Research provides insight into COVID-related heart damage

Maastricht UMC+ closely monitors the heart health of COVID patients during, and after, their admission to the intensive care unit (ICU). Research now shows a link between heart damage and ICU survival rates. Additionally, more information about heart damage after an ICU stay due to COVID-19 is being studied.

Since the first wave of the corona pandemic, Maastricht UMC+ has been monitoring and investigating the heart health of COVID patients admitted to the ICU with daily echocardiograms (ECG) and by monitoring two important substances found in the blood: hs-cTnT and NT-proBNP. These substances can indicate damage to the heart muscle and heart function respectively. By monitoring these substances on a daily basis, it was possible to chart their course during an entire ICU stay. In addition, doctors and researchers of MUMC+ follow up with these patients even after they have left the ICU.

This collaboration between intensive care, cardiology and radiology has led to three publications in leading scientific journals. Two of these provide insight into the role of the heart during an ICU stay and one publication shows what heart damage is still visible six months after leaving the ICU.

Coronary artery calcificationan

A CT scan when first admitted to the ICU mapped patients’ coronary artery calcification. This calcification is normally accelerated by risk factors such as smoking, high blood pressure, high cholesterol and obesity. The more calcification, the more vulnerable the heart is to developing a heart attack. The study showed that patients with more coronary artery calcification had a higher risk of organ failure during hospitalisation in the ICU.

Heart damage and course of disease

In the blood, substances are found that reflect diminished heart function (NT-proBNP) and heart muscle damage (hs-cTnT). Analysis of NT-proBNP showed that those who survived their stay in the ICU, had decreasing levels of the substance during their time in ICU. In contrast, ICU patients who died showed an increase in NT-proBNP during hospitalisation in the ICU. The researchers do not yet know exactly what causes this and more research is needed. The results do suggest that cardiac function is related to survival. It was also found that patients who died had more heart muscle damage (higher hs-cTnT) on admission to the intensive care unit.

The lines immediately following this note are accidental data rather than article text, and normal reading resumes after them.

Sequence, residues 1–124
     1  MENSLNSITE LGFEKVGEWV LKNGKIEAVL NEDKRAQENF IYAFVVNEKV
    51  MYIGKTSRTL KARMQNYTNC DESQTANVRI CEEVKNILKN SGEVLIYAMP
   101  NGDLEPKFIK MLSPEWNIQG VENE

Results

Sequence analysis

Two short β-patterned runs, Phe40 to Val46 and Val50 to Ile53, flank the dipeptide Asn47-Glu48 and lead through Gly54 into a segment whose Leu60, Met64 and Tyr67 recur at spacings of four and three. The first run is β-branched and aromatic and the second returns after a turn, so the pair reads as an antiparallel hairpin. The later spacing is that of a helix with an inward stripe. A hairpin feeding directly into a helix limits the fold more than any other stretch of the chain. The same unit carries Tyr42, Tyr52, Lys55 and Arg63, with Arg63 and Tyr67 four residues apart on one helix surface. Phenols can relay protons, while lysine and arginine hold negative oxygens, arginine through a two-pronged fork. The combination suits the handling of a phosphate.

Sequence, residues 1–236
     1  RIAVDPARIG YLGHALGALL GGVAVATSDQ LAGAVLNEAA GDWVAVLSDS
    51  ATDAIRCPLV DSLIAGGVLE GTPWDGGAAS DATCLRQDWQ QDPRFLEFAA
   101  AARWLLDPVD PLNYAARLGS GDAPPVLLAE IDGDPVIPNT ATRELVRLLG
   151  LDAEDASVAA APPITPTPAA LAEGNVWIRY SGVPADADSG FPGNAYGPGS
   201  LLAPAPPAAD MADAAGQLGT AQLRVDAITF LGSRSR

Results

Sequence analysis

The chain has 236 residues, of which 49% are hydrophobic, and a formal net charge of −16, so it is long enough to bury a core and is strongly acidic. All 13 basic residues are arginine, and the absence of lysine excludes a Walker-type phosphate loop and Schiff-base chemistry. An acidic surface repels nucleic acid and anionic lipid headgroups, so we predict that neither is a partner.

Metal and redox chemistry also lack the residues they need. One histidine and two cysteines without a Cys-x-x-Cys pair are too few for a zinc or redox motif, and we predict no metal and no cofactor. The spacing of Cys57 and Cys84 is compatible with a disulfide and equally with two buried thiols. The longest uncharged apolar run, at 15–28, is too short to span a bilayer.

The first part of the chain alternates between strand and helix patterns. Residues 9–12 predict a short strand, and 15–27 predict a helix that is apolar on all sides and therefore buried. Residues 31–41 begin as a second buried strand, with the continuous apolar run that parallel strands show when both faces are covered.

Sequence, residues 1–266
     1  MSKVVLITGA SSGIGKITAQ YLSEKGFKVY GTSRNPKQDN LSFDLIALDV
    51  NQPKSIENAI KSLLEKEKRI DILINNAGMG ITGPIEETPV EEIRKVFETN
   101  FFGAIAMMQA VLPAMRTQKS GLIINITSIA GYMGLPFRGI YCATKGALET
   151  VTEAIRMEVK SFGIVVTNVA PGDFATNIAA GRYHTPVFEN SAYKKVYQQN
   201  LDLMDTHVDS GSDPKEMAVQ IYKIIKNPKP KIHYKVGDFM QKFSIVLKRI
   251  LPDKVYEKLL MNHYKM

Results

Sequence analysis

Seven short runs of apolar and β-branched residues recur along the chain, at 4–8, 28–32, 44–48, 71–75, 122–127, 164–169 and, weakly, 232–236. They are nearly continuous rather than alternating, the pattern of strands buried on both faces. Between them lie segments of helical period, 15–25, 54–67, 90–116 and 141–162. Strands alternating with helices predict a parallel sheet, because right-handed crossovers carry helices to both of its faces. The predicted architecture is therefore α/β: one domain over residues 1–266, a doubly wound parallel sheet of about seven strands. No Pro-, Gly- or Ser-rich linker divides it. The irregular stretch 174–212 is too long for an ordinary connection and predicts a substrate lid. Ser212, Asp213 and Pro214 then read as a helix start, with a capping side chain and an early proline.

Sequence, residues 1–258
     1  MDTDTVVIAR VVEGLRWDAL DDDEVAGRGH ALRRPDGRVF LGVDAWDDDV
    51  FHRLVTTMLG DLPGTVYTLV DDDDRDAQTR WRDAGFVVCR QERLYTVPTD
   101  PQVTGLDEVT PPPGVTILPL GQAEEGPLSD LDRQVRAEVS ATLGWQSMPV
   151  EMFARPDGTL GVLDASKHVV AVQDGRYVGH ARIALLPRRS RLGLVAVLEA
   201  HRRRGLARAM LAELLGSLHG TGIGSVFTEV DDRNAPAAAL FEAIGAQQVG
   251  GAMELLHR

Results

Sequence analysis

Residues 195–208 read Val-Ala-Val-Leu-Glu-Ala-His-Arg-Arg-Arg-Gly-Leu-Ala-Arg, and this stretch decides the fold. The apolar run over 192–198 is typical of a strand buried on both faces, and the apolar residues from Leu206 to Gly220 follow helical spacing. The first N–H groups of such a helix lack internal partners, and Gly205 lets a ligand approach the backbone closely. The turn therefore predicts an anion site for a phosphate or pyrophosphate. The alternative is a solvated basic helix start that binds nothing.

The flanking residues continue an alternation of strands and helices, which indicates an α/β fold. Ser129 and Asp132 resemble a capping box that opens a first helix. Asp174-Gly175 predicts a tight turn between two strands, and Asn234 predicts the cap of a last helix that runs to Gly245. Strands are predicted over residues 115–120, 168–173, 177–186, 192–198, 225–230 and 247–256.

Rob Driessen, cardiologist and intensivist at Maastricht UMC+: ‘In any case, these results show that in a COVID patient in the ICU damage to the heart and its functioning play a major role in the course of the disease. This is an important insight because the substances studied could be used in the future to estimate the course of the disease and to treat the heart in a targeted way.’

Post-ICU damage  

During the first corona pandemic wave, cardiologist-in-training Chahinda Ghossein-Doha set up the first clinic in the Netherlands to follow up on patients who had survived the ICU. Six months after hospitalisation, blood tests, an ECG, an ultrasound and MRI of the heart were performed. These examinations showed that in almost one third of the patients, the levels of the substance which indicates heart muscle damage was still elevated. In addition, 20% have disease of the coronary arteries and 20% have heart muscle scar tissue. One in ten patients even has signs of a very rare inflammation of the heart muscle or pericardium, myocarditis or pericarditis. Of all study participants, 40% required cardiovascular treatment post-ICU.

Patient follow-up and follow-up research

According to Ghossein-Doha, these findings are remarkable: 'It confirms that it is crucial to closely monitor the heart health post-ICU. However, it is still unclear whether these cardiovascular problems are due to COVID-19 itself or whether it is a patient population that had previously undiagnosed abnormalities, putting them at higher risk of a more serious disease course.’ To investigate this further, Ghossein-Doha, together with researchers from Utrecht and Amsterdam, set up the DEFENCE study and received a €800,000 grant from the Netherlands Organisation for Health Research and Development. Research is being conducted in more than 10 Dutch hospitals and in the coming months should generate more insight into heart damage after COVID-19.

Source: MUMC+